Spatial word roots are most prolific

Certainly my amateur work is very flawed, and my poor translation will obscure what I am trying to get across. But still I need to try it, because I am so much fascinated by my “data”.

top300If you stroll around the word roots on my map and explore their verbose definitions from my etymological dictionary, you may notice yourself that the category #3, “Space, Position, Form”, shows particularly many items and even large clusters of items, e.g. around “warped”, “to bend”, “to wind”, “to plait”. All the 300 shown word roots are very prolific ones, as you can see from their descendant tree. So what does it mean that spatial concepts are significantly overrepresented among those that have inspired many more new words?

I would speculate that the role of the broad picture, of looking about, watching, demonstrating and imitating, was very important for the emerging language. That is, even though language is regarded as a “left-brain” activity, it is deeply anchored in the visual modality, and the words were transferred to other modalities, and even to abstract notions, by means of synesthesia and metaphor.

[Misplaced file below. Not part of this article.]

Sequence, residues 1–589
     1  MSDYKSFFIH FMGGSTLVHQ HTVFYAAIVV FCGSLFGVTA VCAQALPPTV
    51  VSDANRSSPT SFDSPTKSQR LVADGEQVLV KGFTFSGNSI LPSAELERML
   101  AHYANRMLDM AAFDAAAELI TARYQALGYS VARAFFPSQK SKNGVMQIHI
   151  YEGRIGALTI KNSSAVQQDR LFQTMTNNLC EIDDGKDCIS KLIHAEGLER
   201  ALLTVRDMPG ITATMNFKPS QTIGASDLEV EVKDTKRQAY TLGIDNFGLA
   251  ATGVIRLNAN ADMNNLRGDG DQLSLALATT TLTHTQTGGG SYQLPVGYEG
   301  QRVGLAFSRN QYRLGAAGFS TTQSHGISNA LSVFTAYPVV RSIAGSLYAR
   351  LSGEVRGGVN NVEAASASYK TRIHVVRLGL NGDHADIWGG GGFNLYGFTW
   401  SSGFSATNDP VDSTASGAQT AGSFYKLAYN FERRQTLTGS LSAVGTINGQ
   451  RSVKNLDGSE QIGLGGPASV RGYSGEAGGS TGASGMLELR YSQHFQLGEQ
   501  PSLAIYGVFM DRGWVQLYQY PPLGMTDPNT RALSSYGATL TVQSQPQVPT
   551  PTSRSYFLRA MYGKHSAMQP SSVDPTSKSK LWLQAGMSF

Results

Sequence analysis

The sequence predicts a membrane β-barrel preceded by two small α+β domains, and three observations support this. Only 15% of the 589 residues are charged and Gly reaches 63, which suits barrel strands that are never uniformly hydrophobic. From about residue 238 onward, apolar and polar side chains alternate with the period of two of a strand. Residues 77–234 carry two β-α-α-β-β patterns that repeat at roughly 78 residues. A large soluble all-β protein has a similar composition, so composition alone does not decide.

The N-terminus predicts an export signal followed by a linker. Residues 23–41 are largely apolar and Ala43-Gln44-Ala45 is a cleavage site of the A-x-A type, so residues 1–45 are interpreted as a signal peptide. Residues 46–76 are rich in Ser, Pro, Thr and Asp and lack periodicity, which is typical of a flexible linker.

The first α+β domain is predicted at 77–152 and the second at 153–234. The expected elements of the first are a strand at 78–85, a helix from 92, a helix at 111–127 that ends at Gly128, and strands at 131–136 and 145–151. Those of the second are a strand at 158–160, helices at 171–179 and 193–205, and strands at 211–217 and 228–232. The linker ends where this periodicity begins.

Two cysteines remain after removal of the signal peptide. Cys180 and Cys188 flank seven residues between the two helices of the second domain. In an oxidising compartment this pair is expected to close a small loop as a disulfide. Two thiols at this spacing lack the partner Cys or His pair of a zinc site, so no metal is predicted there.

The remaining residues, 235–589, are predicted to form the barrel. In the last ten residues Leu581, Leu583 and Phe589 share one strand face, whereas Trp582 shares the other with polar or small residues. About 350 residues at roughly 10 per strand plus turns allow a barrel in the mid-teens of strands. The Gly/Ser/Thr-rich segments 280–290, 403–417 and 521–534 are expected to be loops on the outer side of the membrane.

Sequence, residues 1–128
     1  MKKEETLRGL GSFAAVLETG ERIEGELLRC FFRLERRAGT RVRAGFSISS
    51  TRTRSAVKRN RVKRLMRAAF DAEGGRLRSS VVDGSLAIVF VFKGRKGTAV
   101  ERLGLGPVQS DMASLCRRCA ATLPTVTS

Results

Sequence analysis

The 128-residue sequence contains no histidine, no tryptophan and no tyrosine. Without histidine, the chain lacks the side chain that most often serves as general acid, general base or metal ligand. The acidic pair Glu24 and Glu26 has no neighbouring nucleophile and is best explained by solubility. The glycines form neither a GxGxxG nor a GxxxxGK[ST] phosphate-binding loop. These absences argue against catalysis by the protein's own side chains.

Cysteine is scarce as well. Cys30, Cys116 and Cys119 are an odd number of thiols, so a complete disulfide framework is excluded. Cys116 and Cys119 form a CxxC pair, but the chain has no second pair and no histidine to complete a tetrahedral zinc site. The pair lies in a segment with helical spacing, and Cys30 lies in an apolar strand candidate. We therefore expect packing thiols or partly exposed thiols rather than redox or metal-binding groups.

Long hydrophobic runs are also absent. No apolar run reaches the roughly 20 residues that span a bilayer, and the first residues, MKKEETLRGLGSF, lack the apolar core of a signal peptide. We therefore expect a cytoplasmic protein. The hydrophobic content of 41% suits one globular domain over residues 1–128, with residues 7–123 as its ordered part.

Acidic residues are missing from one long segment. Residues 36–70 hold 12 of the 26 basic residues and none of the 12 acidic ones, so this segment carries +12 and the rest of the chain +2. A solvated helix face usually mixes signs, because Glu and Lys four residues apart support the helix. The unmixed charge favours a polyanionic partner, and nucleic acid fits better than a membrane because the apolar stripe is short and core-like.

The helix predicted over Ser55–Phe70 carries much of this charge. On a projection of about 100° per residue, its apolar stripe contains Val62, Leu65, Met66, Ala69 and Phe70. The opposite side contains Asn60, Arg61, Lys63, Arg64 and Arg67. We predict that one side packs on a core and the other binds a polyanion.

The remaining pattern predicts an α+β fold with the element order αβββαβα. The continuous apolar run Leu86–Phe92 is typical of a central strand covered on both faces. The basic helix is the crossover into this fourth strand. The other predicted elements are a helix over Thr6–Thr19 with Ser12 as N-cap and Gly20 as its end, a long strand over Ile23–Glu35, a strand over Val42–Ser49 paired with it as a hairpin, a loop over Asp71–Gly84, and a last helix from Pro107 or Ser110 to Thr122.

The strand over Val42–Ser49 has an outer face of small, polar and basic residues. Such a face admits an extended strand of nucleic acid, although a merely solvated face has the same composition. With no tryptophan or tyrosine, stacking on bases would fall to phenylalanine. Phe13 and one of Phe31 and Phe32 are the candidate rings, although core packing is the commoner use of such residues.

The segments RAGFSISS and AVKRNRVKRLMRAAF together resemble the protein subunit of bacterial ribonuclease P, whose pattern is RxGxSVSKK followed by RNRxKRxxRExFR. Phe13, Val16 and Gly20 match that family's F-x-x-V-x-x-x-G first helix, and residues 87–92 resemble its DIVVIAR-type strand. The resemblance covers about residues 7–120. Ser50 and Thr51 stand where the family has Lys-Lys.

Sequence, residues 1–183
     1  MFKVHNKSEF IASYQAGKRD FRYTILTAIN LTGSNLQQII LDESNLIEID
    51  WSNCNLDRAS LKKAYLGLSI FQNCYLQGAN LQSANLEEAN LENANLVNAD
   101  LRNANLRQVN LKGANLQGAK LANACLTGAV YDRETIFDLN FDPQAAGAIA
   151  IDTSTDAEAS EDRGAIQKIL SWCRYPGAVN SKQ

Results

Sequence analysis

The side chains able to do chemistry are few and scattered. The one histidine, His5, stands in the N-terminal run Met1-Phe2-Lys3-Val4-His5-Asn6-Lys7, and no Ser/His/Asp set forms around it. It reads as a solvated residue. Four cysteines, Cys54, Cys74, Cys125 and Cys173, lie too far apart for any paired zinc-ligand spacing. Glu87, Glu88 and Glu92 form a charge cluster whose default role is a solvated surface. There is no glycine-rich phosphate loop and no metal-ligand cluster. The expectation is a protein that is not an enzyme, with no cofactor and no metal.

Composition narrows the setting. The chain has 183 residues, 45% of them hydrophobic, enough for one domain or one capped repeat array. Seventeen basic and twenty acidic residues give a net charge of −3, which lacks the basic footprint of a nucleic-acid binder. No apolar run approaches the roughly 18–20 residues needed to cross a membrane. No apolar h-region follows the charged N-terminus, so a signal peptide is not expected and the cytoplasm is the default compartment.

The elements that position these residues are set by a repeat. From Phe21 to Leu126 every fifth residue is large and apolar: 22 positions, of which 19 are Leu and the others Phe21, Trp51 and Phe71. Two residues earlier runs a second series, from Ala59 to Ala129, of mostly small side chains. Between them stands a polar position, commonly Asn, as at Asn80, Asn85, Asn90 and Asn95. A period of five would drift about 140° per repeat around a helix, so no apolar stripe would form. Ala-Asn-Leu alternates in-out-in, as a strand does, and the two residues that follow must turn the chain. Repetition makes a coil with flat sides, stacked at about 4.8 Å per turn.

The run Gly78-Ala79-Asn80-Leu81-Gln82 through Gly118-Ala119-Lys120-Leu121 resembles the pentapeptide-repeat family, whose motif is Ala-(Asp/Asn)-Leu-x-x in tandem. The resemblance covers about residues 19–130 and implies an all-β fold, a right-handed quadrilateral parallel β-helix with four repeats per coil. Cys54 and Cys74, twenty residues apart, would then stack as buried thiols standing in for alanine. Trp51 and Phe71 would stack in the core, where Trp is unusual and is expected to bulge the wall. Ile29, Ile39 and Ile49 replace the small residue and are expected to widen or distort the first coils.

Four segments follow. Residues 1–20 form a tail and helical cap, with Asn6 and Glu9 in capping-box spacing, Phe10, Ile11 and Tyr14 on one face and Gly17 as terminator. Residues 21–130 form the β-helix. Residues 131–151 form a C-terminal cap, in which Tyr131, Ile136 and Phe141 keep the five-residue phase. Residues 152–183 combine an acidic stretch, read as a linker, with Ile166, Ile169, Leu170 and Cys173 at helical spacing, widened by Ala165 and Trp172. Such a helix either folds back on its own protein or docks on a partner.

Already many years ago, I was struck by how much “multimedial” meaning was included in the verbose definitions of the Indoeuropean roots, in particular, categories #7 and #8. In the meantime — most recently by looking at prepositions — I have realised how important these spatial relationships and are for thinking (at least for my thinking).

I also like to visualize similarity relationships by spatial proximity and connector lines, and I wonder if my map succeeds to visualize the connectivist idea that meaning resides in the connections between the entities: Look at the unlabelled dark grey nodes that are connected to multiple words shown by light grey nodes? These guessed and reconstructed meanings of the Indoeuropean words are, IMHO, a good example of such “residing in the connections”, namely in the connections of tha adjacent modern words.